Magnesium is among the few complementary treatments for chronic migraines that have shown promise. “It’s been proven safe in a variety of settings for headache,” Dr. Dyess said. It seems to help people who have migraines with aura in particular, and people with menstrual-related migraines, according to the American Migraine Foundation. It’s also safe for use in pregnant people, which is not true for some migraine medications.
There’s some evidence that high doses of riboflavin (B-2) reduces the number of migraines by about two migraines a month, according to MedlinePlus. Additionally, if you take riboflavin with other vitamins and minerals, this may reduce the amount of pain a migraine can cause.
Coenzyme Q10 (CoQ10)
A review and analysis of six small studies from 2020 in BMJ Open found no significant reduction in migraine severity with CoQ10 supplementation. But the compound may have other benefits. The duration and frequency of migraines with CoQ10 was significantly reduced compared with a control group.
Remote Electrical Neurostimulation (REN)
Nerivio, a wearable REN device, delivers electrical pulses to nerves in the upper arm. It’s believed that the brain responds to those signals by activating the body’s own ability to squelch pain in another part of the body, according to a study from 2021 published in Pain Reports. This non-pharmaceutical treatment may be a viable alternative for people with chronic migraine. The American Headache Society found that REN may reduce medication-overuse headaches.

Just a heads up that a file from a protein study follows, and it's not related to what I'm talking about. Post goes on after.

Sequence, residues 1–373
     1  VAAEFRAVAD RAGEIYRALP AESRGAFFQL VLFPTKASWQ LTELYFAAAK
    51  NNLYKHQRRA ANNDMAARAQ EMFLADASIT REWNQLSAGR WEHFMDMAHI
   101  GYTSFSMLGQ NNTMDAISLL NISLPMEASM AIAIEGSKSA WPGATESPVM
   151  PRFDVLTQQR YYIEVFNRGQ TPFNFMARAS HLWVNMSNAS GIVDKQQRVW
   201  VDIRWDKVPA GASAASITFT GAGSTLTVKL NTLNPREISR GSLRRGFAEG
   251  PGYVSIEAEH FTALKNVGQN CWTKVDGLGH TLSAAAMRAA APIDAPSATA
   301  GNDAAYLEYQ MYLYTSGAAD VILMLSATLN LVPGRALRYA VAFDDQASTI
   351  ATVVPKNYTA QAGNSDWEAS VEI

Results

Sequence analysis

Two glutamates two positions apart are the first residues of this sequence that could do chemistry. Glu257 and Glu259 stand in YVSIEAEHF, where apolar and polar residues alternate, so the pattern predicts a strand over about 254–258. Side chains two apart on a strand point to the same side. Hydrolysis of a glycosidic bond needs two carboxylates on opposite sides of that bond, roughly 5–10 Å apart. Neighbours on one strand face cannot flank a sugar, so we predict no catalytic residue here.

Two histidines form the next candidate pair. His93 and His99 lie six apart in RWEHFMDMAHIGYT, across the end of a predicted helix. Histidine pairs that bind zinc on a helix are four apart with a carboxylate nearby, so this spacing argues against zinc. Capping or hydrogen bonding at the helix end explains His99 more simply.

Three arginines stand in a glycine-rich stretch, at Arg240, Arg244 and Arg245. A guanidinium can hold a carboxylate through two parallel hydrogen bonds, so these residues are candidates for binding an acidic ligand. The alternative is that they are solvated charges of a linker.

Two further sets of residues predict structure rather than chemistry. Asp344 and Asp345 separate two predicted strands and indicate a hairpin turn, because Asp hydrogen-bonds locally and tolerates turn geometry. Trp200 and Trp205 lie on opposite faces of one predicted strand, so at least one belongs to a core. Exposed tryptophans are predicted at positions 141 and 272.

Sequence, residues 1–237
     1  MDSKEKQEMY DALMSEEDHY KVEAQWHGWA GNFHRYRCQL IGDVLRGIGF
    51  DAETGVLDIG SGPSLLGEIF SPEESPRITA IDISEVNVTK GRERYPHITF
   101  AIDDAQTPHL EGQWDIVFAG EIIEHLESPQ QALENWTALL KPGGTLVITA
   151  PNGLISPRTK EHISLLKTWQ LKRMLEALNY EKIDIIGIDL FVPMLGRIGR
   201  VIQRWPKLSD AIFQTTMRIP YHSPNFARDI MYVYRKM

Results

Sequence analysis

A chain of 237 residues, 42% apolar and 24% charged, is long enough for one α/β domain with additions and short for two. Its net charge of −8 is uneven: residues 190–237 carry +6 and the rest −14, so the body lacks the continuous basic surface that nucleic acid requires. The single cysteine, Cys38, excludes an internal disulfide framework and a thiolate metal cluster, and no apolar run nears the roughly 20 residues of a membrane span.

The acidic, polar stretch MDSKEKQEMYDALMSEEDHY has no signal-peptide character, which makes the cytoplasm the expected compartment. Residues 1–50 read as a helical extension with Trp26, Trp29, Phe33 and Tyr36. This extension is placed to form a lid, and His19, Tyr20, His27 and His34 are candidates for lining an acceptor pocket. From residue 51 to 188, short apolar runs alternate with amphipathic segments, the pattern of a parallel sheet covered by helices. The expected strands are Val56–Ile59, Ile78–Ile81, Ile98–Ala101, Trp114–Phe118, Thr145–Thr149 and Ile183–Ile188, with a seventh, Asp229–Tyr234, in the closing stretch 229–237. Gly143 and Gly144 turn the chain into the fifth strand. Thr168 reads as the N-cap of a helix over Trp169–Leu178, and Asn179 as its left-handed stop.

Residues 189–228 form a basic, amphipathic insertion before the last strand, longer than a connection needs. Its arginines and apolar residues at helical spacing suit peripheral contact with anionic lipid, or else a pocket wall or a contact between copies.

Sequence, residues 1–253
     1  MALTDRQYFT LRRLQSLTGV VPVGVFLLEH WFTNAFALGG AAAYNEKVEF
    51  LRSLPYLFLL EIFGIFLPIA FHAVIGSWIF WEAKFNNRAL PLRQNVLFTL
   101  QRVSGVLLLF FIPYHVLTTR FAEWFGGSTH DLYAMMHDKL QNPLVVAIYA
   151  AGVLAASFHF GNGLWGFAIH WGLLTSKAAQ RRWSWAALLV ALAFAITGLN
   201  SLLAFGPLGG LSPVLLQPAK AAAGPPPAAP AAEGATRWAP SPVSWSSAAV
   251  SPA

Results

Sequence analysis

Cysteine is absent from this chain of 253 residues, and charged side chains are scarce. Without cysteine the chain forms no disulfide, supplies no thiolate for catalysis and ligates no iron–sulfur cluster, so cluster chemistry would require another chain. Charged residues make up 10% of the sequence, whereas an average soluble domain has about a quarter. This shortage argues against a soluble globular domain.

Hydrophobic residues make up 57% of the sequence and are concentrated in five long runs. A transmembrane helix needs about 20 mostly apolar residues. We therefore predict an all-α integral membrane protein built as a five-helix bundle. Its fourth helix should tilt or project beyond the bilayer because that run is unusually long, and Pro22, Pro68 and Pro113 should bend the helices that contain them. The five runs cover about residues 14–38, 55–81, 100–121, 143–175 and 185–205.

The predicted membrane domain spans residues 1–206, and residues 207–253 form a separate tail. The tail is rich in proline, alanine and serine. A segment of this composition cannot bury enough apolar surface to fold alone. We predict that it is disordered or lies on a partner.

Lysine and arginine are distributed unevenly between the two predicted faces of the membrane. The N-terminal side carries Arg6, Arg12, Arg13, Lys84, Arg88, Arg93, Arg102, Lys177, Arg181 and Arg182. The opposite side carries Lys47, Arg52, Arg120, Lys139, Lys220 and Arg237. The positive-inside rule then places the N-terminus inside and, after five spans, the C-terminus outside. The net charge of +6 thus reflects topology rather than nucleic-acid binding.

Mindfulness, Biofeedback, and Other Awareness Techniques
“Migraines are very stressful when they’re happening. They’re very stressful on your family and your family dynamics that take a huge toll in your life,” Dr. Dyess said. Cognitive behavioral therapy, mindfulness, and even biofeedback (which teaches patients to monitor and control their heart rate) can help people manage stress and deal with the effects of migraine. “A lot of people use it as a way of dealing with the pain in real-time,” Dr. Dyess said.
Bottom line: Stay in conversation with a healthcare professional when it comes to complementary techniques. "I'm always open to trying whatever works to control their pain and control their migraines as long as it's safe," Dr. Dyess said.
A Quick Review
The pain of a migraine is typically something that can't be ignored. There are preventative, acute and complementary treatments available, all depending on the severity and frequency of your migraines. These medications may not be right for every person. Talk to a healthcare professional about your options to treat your migraine symptoms.